Cipollone this week sent a sensational letter to Speaker of the House Nancy Pelosi (D-Calif.) Stating that the impeachment probe was "unconstitutional" and promising that the government would not cooperate.
A memo to Congressional investigators suggests that the unidentified whistleblower was contacted by a White House official on the afternoon of July 25. The complaint outlines many of the concerns that White House officials had in the weeks leading up to this
Those who raised the alarm "were not a swamp, not a deep state," a former senior official said, "but they were White House officials who were worried because they did not want to govern the government in this way. "
Officials led the origins of their initial concerns is about Trump and Ukraine on the sudden and unexplained elimination of the US ambassador to Ukraine, Marie Yovanovitch, after she became the target of a right-wing smear campaign, which she blamed – without overt evidence – for undermining Trump and his policies ,
NSC officials were alternately perplexed and alarmed at the behavior of Giuliani, who had campaigned for the removal of Yovanovitch and stated in cable television interviews that he urged Ukraine to reopen a corruption investigation by an energy company, Hunter Biden, of Son of the former vice president, paid $ 100,000 a month to act as a board member.
Biden was criticized for taking this position while his father served as vice president and was involved in Ukrainian politics. However, the younger Biden has never been accused of misconduct in his function as board member of Burisma, and there is no evidence that the objections of Giuliani and others, Joe Biden, have intervened inappropriately.
In talks with Giuliani, Trump increasingly concentrated on plots in Kiev, including the bizarre claim that the Democratic National Committee had not been hacked by Russian intelligence in 2016, and the evidence – the infected machines – had been smuggled into Ukraine and Kiev been hidden.
Concern over the government's interactions with Ukraine continued to grow as US Ambassador to the European Union, Gordon Sondland, said it had been tasked by the President with relations with Kiev. Sondland, who had run a hotel business, received the Brussels Ambassador's Office after supporting Trump's inauguration with a million dollars.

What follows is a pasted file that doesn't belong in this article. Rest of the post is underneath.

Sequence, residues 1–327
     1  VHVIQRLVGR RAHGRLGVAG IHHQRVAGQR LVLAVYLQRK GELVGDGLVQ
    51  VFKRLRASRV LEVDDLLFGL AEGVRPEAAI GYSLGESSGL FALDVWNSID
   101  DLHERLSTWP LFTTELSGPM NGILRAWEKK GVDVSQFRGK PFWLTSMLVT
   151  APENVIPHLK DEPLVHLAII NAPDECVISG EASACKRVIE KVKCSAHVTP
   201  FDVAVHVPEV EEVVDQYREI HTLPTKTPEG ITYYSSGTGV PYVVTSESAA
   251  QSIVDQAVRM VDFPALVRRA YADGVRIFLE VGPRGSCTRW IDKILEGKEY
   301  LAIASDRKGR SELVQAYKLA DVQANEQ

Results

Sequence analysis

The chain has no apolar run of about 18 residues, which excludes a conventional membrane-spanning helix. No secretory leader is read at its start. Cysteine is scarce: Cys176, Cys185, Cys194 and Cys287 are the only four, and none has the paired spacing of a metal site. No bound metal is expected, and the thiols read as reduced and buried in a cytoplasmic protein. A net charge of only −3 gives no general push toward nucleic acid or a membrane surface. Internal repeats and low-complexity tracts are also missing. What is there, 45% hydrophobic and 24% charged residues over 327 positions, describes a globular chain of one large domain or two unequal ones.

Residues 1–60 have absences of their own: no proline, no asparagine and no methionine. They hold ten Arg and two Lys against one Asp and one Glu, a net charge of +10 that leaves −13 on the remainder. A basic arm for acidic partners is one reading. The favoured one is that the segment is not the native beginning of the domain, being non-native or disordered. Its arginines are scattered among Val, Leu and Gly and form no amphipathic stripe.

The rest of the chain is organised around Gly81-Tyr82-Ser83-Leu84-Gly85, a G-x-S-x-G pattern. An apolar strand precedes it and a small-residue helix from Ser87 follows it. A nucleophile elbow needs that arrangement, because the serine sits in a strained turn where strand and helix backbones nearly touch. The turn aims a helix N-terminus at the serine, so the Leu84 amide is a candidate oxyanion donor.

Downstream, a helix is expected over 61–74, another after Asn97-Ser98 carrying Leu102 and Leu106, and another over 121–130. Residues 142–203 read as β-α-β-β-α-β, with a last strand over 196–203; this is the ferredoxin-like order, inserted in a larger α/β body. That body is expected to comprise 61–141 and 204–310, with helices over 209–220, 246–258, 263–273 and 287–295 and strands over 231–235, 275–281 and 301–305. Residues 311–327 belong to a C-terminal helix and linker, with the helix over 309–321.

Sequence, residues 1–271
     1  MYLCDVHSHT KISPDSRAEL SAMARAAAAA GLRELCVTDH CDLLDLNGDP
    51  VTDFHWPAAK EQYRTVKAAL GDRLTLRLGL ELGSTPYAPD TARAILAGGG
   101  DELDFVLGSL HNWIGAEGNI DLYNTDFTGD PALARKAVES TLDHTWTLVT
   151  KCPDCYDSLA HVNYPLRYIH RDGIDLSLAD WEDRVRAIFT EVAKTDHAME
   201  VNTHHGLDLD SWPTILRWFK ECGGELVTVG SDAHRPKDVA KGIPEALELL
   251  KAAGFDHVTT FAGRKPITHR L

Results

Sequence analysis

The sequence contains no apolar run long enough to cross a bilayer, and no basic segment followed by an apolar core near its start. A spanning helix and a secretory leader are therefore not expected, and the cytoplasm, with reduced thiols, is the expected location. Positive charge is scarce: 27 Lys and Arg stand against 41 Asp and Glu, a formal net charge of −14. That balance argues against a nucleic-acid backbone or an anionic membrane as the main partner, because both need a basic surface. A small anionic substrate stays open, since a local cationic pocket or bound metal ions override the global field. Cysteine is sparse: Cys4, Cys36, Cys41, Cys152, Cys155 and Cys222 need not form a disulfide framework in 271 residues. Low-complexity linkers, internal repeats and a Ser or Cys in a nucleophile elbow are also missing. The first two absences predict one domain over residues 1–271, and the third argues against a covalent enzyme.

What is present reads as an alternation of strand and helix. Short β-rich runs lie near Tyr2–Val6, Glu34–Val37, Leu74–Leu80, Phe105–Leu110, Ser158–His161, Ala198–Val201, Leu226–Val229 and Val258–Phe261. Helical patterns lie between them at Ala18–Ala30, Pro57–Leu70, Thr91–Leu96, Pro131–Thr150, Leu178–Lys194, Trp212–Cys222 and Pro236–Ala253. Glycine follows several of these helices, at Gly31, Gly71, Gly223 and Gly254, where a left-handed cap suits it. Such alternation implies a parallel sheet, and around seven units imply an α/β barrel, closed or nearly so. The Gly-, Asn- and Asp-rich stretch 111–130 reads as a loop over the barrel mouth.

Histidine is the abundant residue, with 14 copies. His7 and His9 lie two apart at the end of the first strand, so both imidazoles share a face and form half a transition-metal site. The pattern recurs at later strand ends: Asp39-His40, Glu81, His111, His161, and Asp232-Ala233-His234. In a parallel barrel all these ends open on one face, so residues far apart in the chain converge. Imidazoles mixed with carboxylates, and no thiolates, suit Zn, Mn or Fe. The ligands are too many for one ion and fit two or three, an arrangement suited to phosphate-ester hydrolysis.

The agenda of Sondland in Ukraine became clear during a White House meeting in early July with Bolton, then the US. Special Representative for Ukraine Kurt Volker and two advisers to the new President of Ukraine.
In a broader discussion in which White House officials encouraged Ukraine to continue its work on eradicating corruption in the country's energy sector, Sondland blurted out that there were such "investigations that have come to an end and need to be re-launched ", said a familiar with the matter US official.
High-ranking officials understood Sondland's statement as an indication of Burisma and Biden. "Bolton went ballistic" after the meeting, the official said. In the following days, high-ranking NSC officials such as Bolton and Kupperman clamored over their concerns about Ukraine.
These concerns were also shared with Bill Taylor, who had been sent to Ukraine to act as acting US Ambassador following Yovanovitch's dismissal. Taylor expressed Sondland in a series of text messages before and after Trump's call.
"President Zelenskyy is sensitive to Ukraine being taken seriously, not just an instrument in Washington's domestic and reelection policies," Taylor wrote to Sondland the previous day. Weeks later, Taylor's tone became more alarmed.
"As I said on the phone, I find it crazy to withhold security support for a political campaign," he wrote to Sondland.
Sondland resigned from a timeline appearance before investigators impeached this week after being ordered not to participate in the government. Negotiations with other officials, however, seem to be on track. Yovanovitch is scheduled to testify Friday, and Fiona Hill, who has been the chief adviser to the White House for Russia, will meet with congressional investigators on Monday.
Paul Sun and Julie Tate contributed to this report.